If the institutional Church really wants to prevent child sex abuse, it can’t continue to rely on therapists whose theories and practices may fall outside the guidelines of the American Psychological and Psychiatric Associations. Advice that had proven convenient in cover ups does little for real healing.
Let’s look at the case of Father Edward DePaoli who was arrested in 1985 for the child pornography he’d stashed at Holy Martyrs Church in Oreland, PA. I’ve abbreviated a more detailed account reported by Ralph Cipriano in his Philadelphia Priest Abuse Trial Blog post. Even after his arrest, Father DePaoli continued his porn habit. After being sentenced to a year’s probation, the diocese sent him to a treatment facility for sex offenders. Free to come and go, he was caught leaving an adult book store. A subsequent search of his room turned up more child porn.
Despite all this, Cardinal Bevilacqua didn’t want to end the pervert’s priestly ministry. He was sent to NJ where he got into more of the same trouble and worse. Memos reveal that Msgr. Lynn worried that denying Father DePaoli a place back in the Archdiocese of Philadelphia might have “a severe negative effect” on the priest’s chances of recovery. Never mind, the severe negative effect he might have on children.
So what did a Archdiocesan therapist make of all this? Dr. Richard Fitzgibbons, who served on the Counseling Committee of Psychiatrists and Psychologists for Religious of the Archdiocese of Philadelphia,” said the priest had suffered “what I would view as a minor relapse.” He didn’t think Father DePaoli needed to be hospitalized again and that he “could function well in ministry.” Two years earlier, Dr. Fitzgibbons had pronounced, “I believe that Father DePaoli has made a complete recovery.”
Interestingly, Kansas City’s Bishop Robert Finn chose Fitzgibbons to evaluate Father Shawn Ratigan, another priest with porn issues. The choice has been criticized due to possible bias. Fitzgibbons is also an adviser to Opus Bono Sacerdotii, a controversial group that gives support to clerics who are accused or convicted of child molestation.
“What kind of therapist diagnoses an adult as “lonely” because he takes pictures of little girls’ underwear and private parts for years?” asked Mike Hunter, SNAP’s (Survivor’s Network of those Abused by Priests) Kansas City director. “….And what kind of bishop seeks out this therapist?”
“It’s what bishops have done for years – pay unqualified or unethical therapists who will call child predators anything except child predators so bishops can put them back in parishes,” said Hunter. “Then, in yet another cynical betrayal, bishops end up blaming those therapists for giving them ‘bad advice.’ And when the dust settles, and another allegation surfaces later against another cleric, bishops hired the same therapists again.”
Fitzgibbons’ bio lists him as a consultant to the Congregation for Clergy at the Vatican. It also states he has given conferences to dioceses and religious communities and to seminary spiritual formation teams. It goes on to say he’s lectured on identifying and resolving emotional conflicts in children. I would guess sexual abuse by clergy plays into childhood emotional conflict.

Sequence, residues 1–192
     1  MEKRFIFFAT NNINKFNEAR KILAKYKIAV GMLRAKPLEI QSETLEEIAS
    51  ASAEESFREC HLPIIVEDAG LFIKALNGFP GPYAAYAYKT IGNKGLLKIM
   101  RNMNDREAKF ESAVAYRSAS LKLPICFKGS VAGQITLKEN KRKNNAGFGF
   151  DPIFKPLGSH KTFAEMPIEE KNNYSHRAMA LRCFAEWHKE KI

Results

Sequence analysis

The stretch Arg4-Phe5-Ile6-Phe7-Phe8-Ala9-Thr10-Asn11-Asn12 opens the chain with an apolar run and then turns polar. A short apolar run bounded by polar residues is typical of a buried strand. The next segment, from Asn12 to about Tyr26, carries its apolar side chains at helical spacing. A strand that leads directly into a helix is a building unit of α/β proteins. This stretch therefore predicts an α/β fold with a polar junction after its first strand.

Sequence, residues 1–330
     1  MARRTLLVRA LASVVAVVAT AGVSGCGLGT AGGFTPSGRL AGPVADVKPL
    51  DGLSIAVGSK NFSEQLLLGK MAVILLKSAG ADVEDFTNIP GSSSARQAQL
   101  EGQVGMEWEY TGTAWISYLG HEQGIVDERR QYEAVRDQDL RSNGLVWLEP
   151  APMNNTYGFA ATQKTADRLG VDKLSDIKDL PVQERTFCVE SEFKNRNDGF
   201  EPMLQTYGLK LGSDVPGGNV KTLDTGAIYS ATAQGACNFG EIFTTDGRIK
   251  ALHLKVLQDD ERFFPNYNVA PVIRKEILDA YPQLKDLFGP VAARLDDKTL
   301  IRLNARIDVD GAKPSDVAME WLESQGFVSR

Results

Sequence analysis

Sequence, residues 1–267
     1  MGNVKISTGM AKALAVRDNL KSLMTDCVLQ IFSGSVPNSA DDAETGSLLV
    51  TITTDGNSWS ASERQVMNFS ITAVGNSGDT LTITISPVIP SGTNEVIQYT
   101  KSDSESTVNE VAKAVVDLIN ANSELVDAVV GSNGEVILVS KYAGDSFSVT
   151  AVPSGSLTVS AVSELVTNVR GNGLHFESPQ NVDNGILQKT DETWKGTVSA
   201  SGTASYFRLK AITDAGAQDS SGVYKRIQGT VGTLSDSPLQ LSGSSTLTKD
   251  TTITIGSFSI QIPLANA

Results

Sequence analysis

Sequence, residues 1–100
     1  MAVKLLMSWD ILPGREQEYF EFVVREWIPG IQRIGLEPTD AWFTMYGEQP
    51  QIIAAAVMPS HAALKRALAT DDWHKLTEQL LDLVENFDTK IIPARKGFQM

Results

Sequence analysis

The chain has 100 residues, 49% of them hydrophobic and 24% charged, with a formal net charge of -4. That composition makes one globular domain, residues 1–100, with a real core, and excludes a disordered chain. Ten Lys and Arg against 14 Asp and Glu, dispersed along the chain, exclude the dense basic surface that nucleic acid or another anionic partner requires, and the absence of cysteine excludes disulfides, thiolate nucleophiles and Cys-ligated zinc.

More recently, Fitzgibbons has shifted his focus to running a suburban Philadelphia Marital Institute and healing same-sex attraction. An article in last year’s Philadelphia Inquirer on a sports camp held at St. Charles Seminary for those avoiding gay sex, outlined his professional view-point. “He has written extensively about what he calls healing homosexual attraction.” It reports that in an Catholic Education Resource Center article he wrote that boys who are rejected because they can’t play sports “begin to identify with the female instead of the male.” So a lack of athleticism causes homosexuality? “Fortunately, Catholic spirituality, combined with good psychotherapy, can result in a complete healing of those with this disorder,” he wrote in a paper presented at the Conference on Family and Education in Toronto in 1996. This play the gay away camp was held again this past weekend. I don’t think NBA star Jason Collins knew about it.
I only took a few psychology and human sexuality courses in college, but I did learn these three things.
1. There is no cure for pedophilia.
2. The cause of homosexuality is scientifically unknown but professionals recognize there is little to no sense of choice.
3. There is no connection between homosexuality and pedophilia.
For more information, please visit the American Psychological Association. A Christ-like approach can work hand-in-hand with modern knowledge and common sense. Let’s insist our Church uses the proper resources going forward. Let’s insist that medical governing boards do not shy away from reviewing therapists who work in conjunction with spirituality and religious organizations.